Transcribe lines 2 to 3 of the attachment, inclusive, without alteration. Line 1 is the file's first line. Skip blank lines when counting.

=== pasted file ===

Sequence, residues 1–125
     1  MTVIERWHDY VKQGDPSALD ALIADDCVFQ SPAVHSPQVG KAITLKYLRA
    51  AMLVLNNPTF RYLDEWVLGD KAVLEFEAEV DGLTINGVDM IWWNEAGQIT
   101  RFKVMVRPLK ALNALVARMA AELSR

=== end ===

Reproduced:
     1  MTVIERWHDY VKQGDPSALD ALIADDCVFQ SPAVHSPQVG KAITLKYLRA
    51  AMLVLNNPTF RYLDEWVLGD KAVLEFEAEV DGLTINGVDM IWWNEAGQIT